The $3,750 SME Oracle 345 tonearm worked rather well with the Koetsu, but the $28,000 Clearaudio Master Innovation turntable system arrived and Garth brought along the $4,500 AMG 12J2 from Germany, also imported by Musical Surroundings. I had experimented with a number of 12-inch arms throughout the years and found the AMG quite startling in originality, ease of use and performance. In this case, the AMG is also a very appropriate match. With an effective mass of 12.2 grams, the AMG is among the lighter of medium mass arms, enabling a higher adaptability with cartridges. The AMG also impresses me continuingly with its highly integrated anti-skating and VTA mechanisms. This tonearm invites usage functionally and aesthetically.

For a cartridge as exotic as the Jade Platinum, fitting it with standard tonearm cable would be defeating the very purpose of using it. After trying various tonearm cables, I found the AMG Reference ($1,500) was the lowest-price phono cable with sufficient competency to extrapolate meaningful differences between cartridges priced from the excellent, $599 Sumiko Amethyst moving-magnet to the Koetsu. Alternately, a $10,400 Stealth Audio Cables Helios phono cable made of grainless amorphous conductor and terminated via high pressure cold weld crimping pushed the cartridge/tonearm pairing envelope stupendously. It was used for the majority of this review.

Pass Labs Xs Phono

RIAA equalization and amplification was via the $45k Pass Laboratories Xs Phono. It was capable of such degree of information delineation that even the Sumiko would sound spectacular through it.

According to Norbert, the $2,995 entry level Koetsu Black was the bestseller of the marque but I had my eyes on the stone bodies and held off the auditioning until all the pieces are in place, such as tonearm, tonearm cable, turntable and phono stage. For a misdiagnosis due to a mismatch of associated equipment is a shame, especially in the case of a highly respected marque and an equally high expectation of the cartridge on my part.

Koetsu Black Goldline

For the purpose of this review, a dozen or so new copies of albums in my collection were procured from online retailers Elusive Disc and Acoustic Sounds to gauge the sound of the Koetsu at the beginning of breaking-in and afterwards. Fifteen albums in I put on the Deutsche Grammophon Beethoven Bicentennial Collection Volume IV box set of five piano sonata disks, partly for satiating my craving for the solo piano sound at its most unmitigated, and also to clear my aural and sensory memory of previous sessions.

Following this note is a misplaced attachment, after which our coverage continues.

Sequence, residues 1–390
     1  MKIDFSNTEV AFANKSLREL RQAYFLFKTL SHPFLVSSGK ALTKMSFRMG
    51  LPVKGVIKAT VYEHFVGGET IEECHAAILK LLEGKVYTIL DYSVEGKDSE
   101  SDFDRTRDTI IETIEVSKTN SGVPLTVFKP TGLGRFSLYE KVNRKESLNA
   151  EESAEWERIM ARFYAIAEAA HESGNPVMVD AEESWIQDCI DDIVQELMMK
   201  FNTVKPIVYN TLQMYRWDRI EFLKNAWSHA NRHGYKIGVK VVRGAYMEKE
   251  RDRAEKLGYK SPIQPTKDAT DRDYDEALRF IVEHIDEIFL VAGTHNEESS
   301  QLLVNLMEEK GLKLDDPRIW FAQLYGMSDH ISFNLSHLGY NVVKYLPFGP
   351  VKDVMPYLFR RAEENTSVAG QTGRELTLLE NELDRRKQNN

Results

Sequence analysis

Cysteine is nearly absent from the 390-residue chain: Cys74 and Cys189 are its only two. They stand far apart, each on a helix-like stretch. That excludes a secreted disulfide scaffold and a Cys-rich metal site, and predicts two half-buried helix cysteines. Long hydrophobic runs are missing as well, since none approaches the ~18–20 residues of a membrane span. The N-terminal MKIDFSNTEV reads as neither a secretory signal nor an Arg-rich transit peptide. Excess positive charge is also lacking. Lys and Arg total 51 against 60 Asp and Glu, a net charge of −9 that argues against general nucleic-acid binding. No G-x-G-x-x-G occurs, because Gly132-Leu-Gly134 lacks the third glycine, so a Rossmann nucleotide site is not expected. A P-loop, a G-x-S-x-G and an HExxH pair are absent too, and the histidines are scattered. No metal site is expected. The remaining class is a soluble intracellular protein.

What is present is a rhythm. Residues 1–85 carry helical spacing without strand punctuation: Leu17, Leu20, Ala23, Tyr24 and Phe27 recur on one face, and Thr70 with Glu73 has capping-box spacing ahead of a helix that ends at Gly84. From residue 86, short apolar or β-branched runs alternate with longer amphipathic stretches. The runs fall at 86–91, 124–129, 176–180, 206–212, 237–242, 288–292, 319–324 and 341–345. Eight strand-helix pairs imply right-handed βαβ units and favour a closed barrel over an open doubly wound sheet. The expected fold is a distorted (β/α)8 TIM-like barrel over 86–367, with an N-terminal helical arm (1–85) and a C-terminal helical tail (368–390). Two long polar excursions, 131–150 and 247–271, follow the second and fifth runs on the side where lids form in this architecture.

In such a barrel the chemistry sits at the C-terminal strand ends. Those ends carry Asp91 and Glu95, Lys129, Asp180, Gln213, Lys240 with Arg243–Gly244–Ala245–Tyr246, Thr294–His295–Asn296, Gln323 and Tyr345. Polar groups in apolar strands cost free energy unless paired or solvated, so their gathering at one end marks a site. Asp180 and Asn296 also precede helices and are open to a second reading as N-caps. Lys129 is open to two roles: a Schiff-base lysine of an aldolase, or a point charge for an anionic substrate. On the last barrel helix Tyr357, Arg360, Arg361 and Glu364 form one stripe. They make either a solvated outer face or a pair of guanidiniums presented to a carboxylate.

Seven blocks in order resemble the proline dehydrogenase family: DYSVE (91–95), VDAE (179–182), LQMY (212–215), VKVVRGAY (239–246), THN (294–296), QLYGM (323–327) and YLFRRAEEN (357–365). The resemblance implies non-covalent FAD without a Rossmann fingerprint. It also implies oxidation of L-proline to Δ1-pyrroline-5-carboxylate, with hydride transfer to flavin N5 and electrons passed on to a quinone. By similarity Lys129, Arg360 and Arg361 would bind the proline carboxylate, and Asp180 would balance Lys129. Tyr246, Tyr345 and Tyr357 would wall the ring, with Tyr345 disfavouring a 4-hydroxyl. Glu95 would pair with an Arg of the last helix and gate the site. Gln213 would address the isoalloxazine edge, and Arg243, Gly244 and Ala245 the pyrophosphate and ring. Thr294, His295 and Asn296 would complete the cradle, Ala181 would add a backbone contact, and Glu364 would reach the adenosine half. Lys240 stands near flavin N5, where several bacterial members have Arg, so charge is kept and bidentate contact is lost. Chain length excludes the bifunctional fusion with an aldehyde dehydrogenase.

The sound of the Koetsu playing the piano recording through the Sound Lab electrostatic panels carried the most well-defined top-end energy when set at 1,000 ohm of resistive loading at the Xs Phono. The Xs Phono was also able to bring up the bottom-end at various settings, be it the 250, 330 and 500 ohm. Per Wayne Coburn of Pass Laboratories in a correspondence, “The 1 KHz is just the center point for the frequency curve definition. There are different ways to approach doing the equalization curve. The low frequencies may be harder because they require the most gain.” Set at +3 BASS level, the Xs Phono proved itself as the vast Sound Lab panels churned out a more pronounced and nuanced bottom-end than all speakers I’ve auditioned to date.

Previous cartridges such as the Miyabi/47 when attempting the piano was impressive in exhibiting a very even spread of energy across the spectrum, and then the Fuuga with its composite, metallic body possessed all the Miyabi/47’s strengths with superior dynamics. Still, improvements at the Fuuga’s price points are minutely incremental and require quieter and higher-grade phono stages to discern. But the Koetsu JP flaunted its overwhelming suite of qualities upon landing.

Take the best qualities of the Fuuga, add a little evenly spread energy and you get the Koetsu sonic aesthetics. Thirty albums in and the fine edge around instruments began to fade away to the spaciousness and detailing that is the unique Koetsu house sound. The Pass Labs Xs Phono is capable of preserving and amplifying such definition from cartridges that to say it is the absolute reference in phono stages is to say the hypergiant star VY Canis Majoris is big. And cartridges of the caliber of the Koetsu Jade Platinum are the ones for which the Pass Labs is made.

The Koetsu stabilized after forty albums in and the Koetsu balancing act was in full bloom: Bossa Nova classic Getz/Gilberto on 45 rpm reissue from online retailer Elusive Disc was resplendent with separations, soundstaging, tonal vividness and dynamic contrasts at the highest order I’ve experienced. Its SACD and LIM K2 HD editions yielded to the Koetsu/AMG/Clearaudio/Stealth Audio Cables/Pass Labs consortium where finely applied additional energy endowed the LP with more forward music momentum, more vivid tonality and more energetic bottom-end. Likewise, the 1960 recording of Chopin Piano Concerto No. 1 of a Hi-Q Supercuts production also from Elusive Disc brought the most comprehensive suite of all sonic attributes in these grooves yet to the fore.